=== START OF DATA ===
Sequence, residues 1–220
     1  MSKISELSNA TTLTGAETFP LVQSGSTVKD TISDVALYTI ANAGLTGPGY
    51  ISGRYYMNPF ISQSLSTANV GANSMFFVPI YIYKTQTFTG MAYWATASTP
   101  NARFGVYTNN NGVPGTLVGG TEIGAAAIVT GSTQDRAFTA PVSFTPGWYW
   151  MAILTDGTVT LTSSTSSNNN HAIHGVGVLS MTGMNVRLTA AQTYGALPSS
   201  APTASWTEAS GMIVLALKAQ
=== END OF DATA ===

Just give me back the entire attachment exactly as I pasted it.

Sequence, residues 1–220
     1  MSKISELSNA TTLTGAETFP LVQSGSTVKD TISDVALYTI ANAGLTGPGY
    51  ISGRYYMNPF ISQSLSTANV GANSMFFVPI YIYKTQTFTG MAYWATASTP
   101  NARFGVYTNN NGVPGTLVGG TEIGAAAIVT GSTQDRAFTA PVSFTPGWYW
   151  MAILTDGTVT LTSSTSSNNN HAIHGVGVLS MTGMNVRLTA AQTYGALPSS
   201  APTASWTEAS GMIVLALKAQ